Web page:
NFPA, ISO Working Toward Hydraulic Valve Energy Consumption and Efficiency Standards

Eric Lanke NFPA CEO

 

by Eric Lanke
NFPA President/CEO

Utilizing a process for determining positions of public advocacy for standardization initiatives (see this NFPA News post), the NFPA Board of Directors has adopted the following position:

“The fluid power industry needs a standardized way to measure the energy consumption and efficiency of fluid power components and systems. As energy efficiency increasingly becomes a driver in fluid power’s core customer markets, such standards would provide an objective method for determining the efficiency contributions of fluid power products and for bringing new technologies more quickly to market.”

Work in this important area has been going on for some time in the various committees and task forces that produce international fluid power standards. Since November 2013, an ad hoc group of the U.S. TAG to ISO/TC 131 for Fluid Power Systems, led by John Berninger, TC 131 past chairperson and Parker Hannifin retiree, has met both at the national and international level to suggest proposals for adding component power loss measurement to current standards.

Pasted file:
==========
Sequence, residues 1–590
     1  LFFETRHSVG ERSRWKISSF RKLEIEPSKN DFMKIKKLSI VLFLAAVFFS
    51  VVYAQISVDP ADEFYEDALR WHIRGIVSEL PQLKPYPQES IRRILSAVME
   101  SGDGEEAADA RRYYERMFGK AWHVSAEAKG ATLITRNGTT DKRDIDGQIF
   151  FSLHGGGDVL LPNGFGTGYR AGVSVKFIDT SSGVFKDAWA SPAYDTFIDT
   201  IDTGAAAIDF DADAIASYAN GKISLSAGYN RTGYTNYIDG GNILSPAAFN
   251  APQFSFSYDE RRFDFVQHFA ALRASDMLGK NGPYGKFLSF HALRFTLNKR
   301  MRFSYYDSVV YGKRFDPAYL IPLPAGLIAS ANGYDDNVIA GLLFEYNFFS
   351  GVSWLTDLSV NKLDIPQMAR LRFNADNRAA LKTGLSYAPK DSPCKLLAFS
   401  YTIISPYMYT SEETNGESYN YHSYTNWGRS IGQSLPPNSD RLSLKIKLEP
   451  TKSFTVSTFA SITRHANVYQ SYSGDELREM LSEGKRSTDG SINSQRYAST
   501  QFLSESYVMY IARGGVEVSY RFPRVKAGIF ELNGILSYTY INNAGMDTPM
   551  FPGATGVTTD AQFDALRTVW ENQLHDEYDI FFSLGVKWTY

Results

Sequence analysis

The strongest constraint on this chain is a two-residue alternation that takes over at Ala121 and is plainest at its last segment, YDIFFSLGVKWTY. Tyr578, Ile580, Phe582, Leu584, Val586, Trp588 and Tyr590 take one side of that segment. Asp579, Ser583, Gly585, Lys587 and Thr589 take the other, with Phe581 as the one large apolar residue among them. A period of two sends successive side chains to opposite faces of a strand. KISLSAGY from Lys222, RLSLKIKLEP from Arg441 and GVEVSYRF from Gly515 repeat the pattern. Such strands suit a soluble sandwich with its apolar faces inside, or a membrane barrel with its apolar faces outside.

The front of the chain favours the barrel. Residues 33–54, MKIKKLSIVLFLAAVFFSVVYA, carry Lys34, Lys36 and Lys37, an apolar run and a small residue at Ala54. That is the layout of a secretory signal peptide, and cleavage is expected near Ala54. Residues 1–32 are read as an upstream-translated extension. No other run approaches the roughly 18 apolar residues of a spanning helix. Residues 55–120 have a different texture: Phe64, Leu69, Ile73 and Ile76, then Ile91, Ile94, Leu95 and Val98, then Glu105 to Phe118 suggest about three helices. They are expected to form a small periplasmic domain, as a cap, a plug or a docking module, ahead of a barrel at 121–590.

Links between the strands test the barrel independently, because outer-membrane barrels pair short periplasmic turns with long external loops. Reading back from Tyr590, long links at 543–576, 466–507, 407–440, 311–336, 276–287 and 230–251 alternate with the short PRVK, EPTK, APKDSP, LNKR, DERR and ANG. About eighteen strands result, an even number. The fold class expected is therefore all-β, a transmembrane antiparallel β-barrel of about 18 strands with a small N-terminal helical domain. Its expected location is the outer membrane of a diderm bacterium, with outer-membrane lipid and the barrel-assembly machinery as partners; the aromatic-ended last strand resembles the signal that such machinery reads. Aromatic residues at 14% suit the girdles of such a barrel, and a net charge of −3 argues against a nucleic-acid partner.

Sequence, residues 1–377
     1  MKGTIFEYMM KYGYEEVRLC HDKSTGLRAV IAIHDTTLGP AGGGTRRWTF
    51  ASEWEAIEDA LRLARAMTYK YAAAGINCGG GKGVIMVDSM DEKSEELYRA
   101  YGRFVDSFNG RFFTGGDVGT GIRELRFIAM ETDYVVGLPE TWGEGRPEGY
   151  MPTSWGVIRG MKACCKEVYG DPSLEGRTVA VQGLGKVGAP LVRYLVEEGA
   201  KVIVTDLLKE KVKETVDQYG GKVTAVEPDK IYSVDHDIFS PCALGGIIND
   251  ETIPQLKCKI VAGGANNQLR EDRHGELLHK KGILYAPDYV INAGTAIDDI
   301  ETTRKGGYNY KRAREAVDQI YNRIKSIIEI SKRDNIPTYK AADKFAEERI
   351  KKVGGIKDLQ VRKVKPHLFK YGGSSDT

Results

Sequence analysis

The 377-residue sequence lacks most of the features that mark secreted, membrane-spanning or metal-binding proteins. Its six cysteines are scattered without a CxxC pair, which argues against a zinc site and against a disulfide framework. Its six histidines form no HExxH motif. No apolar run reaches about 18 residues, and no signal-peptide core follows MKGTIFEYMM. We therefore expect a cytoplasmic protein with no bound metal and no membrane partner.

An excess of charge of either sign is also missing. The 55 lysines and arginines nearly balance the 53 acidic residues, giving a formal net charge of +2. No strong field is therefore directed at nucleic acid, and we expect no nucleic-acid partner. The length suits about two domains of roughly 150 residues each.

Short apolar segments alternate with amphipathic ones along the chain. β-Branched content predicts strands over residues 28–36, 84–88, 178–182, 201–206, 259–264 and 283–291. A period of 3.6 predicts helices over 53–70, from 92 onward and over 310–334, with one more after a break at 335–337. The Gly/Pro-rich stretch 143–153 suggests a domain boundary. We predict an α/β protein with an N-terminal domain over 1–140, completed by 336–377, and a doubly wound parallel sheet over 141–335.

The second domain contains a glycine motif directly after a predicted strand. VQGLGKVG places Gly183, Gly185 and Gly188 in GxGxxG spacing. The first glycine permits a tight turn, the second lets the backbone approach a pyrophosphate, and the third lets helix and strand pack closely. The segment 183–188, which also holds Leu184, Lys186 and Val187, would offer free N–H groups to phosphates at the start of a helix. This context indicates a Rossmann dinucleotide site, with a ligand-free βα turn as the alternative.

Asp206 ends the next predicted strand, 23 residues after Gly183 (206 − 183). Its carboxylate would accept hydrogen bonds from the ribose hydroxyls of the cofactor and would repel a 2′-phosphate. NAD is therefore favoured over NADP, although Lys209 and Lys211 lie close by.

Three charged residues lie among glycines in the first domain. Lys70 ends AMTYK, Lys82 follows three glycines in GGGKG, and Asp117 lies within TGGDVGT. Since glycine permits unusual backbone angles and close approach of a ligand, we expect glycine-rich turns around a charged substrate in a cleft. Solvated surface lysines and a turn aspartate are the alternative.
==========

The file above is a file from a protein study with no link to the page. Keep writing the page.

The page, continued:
One area of activity in this regard has been hydraulic valves. A proposal for a revision to ISO 4411 (Hydraulic fluid power – Valves – Determination of pressure differential/flow characteristics) to include procedures for measuring power losses has been approved by the appropriate ISO working group. We’re now working to identify a project leader to make the revisions and champion the standard through the final approval process.

Members interested in helping to advance this project should contact Denise Rockhill in the NFPA office at drockhill@nfpa.com. NFPA will continue to look for ways to advance these and other activities forward. In our interactions with public policy professionals and wider industry networks, we will be speaking out about the need for these standards and, where appropriate, convening forums where interested parties—in and out of the ISO structure—can explore ways to advance the initiative.

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